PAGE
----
In today’s economy, I’d usually be the last one to tell any of my patients to leave their job. That is unless it was a choice between their heart health and staying at a job that made them miserable. Let me tell you why…
Protect Your Heart: Why It’s Better to Leave A Bad Job
The sad truth is, many people feel they need to stay with a bad job because jobs are hard to come by these days. They need the steady paycheck and are afraid that they won’t find anything else. This is especially true of older people who’ve been with a company for several years and their skills may be out of date. The old theory, “the devil you know is better than the one you don’t” often wins out when making the decision to leave an unhappy work situation.
Most people opt to stay in a physically and emotionally taxing job, even if they have to chronically deal with a hostile work environment. Yet, the toll that working like this can take on your health, in the long run, will hardly be worth the sacrifice. That bad job may ultimately wind up sacrificing your heart, and the rest of you. Chronic stress leaves you wide open for fatal heart attacks, strokes, even cancer.
Even though I, and most of my fellow physician colleagues, have known this simple fact for years, recent research has actually proven job stress/burnout to be a major health risk. Researchers at Tel Aviv University found that chronic job burnout/stress was a stronger predictor of coronary heart disease (CHD). It even beat out all of the other risk factors – like smoking, cholesterol levels, obesity and inactivity. And from a cardiologist’s perspective, that’s saying a lot.
In fact, the researchers’ results were even more extreme and “alarming” than they had expected. Participants in their study with burnout were at 40% increased risk of developing CHD. But, those participants who were at the top 20% of job burnout levels had a 79% elevation in risk for CHD.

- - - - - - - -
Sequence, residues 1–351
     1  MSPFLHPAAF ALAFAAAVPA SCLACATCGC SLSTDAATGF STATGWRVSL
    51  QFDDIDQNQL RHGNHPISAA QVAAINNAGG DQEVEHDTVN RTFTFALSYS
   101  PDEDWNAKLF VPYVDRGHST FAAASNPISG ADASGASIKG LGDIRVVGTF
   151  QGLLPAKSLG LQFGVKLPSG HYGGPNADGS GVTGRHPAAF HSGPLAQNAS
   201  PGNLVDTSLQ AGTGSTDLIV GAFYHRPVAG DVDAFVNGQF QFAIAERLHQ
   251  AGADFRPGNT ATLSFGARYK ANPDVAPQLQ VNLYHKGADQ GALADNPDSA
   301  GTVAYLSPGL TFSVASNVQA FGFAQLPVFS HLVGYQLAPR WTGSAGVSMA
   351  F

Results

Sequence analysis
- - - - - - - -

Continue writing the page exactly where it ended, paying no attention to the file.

The workplace factors that typically went into creating chronic stress and eventual job burnout were:
- High stress environment
- Heavy workloads – either physically taxing work and/or too-long work hours
- Feelings of lack of control over work situations – having to wait/hope others will make necessary changes to solve ongoing work problems
- Feeling a lack of emotional support, respect
The researchers found that all these factors directly took their toll on health by physically weakening the body. They were also associated with obesity – overeating from stress and the development of type 2 diabetes; insomnia – inability to sleep from stress/worry, also associated with job accidents, errors, co-worker fights; increased anxiety, smoking, alcohol (or other substance) intake from chronically feeling “under the gun” everyday in the work environment.
These situations also contribute to creating inflammation throughout the body which further leads to degrading of your physical health.
Once job burnout has begun, if you don’t do anything to counter its effects, it continues to worsen until something gives. That something is usually your heart or your brain. So what are your options?